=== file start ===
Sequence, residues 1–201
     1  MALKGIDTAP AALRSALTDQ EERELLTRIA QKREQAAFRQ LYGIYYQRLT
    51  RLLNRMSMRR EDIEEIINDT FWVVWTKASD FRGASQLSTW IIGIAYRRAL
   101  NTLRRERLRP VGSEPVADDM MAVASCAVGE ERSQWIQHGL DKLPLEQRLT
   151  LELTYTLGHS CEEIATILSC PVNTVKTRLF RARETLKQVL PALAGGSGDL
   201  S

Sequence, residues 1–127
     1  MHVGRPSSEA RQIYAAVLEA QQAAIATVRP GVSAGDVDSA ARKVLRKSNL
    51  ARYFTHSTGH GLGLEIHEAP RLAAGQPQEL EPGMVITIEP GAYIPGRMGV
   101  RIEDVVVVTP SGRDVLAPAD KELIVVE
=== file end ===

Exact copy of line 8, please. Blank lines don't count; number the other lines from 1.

     1  MHVGRPSSEA RQIYAAVLEA QQAAIATVRP GVSAGDVDSA ARKVLRKSNL